Gov. Hassan: Pipeline proposal is not a nod for Northern Pass
The letter from New England governors calling for public financing of a new natural gas pipeline into the region also contained a call for transmission projects that would deliver between 1,200 and 3,600 megawatts of "clean energy" into the New England grid from no-carbon or low-carbon sources.
That sounds like an endorsement of the Northern Pass, which would bring 1,200 megawatts of hydro power from Quebec, through New Hampshire, into the New England grid. The developers of Northern Pass wasted no time in making that observation.
"We are pleased the New England governors have recognized the looming energy crisis in the region, and are taking action by seeking clean energy solutions," said Northern Pass spokesperson Lauren Collins. "It's clear that there is an immediate need to diversify our energy sources and improve New England's infrastructure and we believe Northern Pass can help."
She said Northern Pass would deliver the governors' desired 1,200 megawatts of clean energy and has already been deemed by the New England grid operator as being able to reliably interconnect with the system.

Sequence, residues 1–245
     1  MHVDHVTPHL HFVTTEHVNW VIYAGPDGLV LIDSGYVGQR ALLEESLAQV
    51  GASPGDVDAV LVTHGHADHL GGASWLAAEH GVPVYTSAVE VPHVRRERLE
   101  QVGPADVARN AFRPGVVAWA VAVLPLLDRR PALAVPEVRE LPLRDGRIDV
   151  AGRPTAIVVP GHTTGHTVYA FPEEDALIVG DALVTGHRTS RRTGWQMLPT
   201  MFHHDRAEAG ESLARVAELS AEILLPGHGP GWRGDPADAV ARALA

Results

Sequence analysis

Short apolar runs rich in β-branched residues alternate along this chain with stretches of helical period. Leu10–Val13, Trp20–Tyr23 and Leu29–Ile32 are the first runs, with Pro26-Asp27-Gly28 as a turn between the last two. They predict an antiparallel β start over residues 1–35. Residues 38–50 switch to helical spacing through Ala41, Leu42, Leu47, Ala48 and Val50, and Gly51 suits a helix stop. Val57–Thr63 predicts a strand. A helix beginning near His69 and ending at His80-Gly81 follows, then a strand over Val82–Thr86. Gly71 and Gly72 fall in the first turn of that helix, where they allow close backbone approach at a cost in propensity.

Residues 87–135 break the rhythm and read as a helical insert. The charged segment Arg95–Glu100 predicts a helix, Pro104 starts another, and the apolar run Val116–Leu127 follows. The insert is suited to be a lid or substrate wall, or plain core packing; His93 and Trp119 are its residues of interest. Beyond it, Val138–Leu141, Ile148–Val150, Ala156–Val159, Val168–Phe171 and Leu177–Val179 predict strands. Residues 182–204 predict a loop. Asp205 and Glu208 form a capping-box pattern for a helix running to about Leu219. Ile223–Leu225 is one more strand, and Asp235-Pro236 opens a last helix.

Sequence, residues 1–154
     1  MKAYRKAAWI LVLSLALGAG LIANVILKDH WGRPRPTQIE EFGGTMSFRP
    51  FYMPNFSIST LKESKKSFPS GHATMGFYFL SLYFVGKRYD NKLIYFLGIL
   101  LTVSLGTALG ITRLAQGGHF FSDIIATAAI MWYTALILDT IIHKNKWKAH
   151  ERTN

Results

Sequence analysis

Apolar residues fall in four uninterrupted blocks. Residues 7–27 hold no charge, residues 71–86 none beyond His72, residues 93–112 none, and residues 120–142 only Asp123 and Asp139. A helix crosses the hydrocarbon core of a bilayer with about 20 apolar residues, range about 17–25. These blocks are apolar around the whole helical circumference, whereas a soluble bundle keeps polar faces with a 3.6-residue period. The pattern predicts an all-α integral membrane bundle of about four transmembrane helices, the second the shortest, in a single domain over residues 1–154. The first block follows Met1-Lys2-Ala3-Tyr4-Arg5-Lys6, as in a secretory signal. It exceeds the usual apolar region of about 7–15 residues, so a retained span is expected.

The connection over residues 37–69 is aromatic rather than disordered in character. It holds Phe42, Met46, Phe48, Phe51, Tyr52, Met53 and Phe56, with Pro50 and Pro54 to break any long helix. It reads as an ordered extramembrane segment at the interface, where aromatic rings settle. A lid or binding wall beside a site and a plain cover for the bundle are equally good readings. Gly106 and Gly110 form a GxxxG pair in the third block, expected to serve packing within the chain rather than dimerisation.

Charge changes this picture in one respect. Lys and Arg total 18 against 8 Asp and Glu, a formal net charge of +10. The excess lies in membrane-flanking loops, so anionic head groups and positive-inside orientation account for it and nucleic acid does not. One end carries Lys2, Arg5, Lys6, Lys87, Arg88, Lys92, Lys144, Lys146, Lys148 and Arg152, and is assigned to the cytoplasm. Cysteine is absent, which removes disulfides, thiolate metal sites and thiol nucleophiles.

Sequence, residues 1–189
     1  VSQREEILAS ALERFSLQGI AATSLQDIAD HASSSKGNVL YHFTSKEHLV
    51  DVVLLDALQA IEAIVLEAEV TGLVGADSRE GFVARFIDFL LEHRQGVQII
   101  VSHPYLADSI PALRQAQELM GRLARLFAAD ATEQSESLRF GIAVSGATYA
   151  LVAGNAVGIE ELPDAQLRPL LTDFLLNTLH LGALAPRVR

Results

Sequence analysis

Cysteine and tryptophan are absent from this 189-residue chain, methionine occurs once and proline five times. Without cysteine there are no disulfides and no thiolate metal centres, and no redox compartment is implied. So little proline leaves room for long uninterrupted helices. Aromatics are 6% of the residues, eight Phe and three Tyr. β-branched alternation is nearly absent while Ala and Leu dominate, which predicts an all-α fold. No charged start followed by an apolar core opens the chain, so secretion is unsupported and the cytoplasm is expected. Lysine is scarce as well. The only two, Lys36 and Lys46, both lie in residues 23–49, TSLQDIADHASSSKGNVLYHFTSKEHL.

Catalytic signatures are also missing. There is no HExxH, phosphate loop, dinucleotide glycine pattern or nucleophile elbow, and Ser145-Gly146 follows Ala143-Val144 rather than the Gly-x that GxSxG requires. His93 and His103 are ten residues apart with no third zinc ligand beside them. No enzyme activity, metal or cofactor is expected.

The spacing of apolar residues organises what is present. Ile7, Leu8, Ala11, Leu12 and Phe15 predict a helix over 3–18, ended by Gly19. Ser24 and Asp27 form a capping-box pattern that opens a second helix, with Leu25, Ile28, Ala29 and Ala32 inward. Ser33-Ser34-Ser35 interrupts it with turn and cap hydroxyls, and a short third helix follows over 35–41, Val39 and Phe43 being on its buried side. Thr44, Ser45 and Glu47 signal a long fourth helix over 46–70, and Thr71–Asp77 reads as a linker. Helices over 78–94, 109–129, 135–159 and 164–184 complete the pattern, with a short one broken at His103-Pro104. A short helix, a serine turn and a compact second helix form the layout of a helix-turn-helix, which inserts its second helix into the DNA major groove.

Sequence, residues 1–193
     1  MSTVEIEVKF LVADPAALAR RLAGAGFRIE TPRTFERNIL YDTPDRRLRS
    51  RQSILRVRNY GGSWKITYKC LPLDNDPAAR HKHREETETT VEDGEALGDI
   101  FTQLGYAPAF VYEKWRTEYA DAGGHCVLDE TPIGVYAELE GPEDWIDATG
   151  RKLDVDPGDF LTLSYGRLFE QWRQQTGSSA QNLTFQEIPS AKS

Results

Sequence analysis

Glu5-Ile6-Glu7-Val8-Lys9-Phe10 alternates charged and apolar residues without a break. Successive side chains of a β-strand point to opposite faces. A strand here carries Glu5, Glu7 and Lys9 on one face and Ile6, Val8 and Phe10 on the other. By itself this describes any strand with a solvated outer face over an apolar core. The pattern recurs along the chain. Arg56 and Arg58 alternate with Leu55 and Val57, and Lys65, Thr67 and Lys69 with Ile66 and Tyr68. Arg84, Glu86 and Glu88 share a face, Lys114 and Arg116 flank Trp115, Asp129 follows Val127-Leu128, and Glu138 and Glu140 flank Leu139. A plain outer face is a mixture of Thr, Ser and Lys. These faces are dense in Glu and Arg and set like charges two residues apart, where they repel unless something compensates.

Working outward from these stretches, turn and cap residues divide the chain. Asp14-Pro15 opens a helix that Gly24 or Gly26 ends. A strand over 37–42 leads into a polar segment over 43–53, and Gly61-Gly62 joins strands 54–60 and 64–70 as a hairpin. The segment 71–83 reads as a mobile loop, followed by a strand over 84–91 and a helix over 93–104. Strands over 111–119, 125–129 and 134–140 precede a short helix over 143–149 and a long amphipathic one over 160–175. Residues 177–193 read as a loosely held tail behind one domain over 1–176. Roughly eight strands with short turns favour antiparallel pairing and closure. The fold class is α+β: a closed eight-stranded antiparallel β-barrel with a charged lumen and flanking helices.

"As proposed, this is the region's only renewable energy project that can be built at no cost to ratepayers in New Hampshire or anywhere else in New England," she said.
Marc Goldberg, spokesperson for Gov. Maggie Hassan, said the call for additional transmission was in no way an endorsement of Northern Pass, and that her position is unchanged from September, when she responded to a Boston Globe editorial in support of the project by calling for more of the line to be buried, if it is to be built at all.
"In New York, the Champlain Hudson Power Express, an energy transmission project that includes Canadian hydropower, is burying more than 300 miles of lines. Why shouldn't we fully examine those types of technology — and route — alternatives for New England?" she wrote at the time. "If the solution can be found for New York, we should find a solution for New England and train New England workers to lead the way in new transmission technology and infrastructure construction."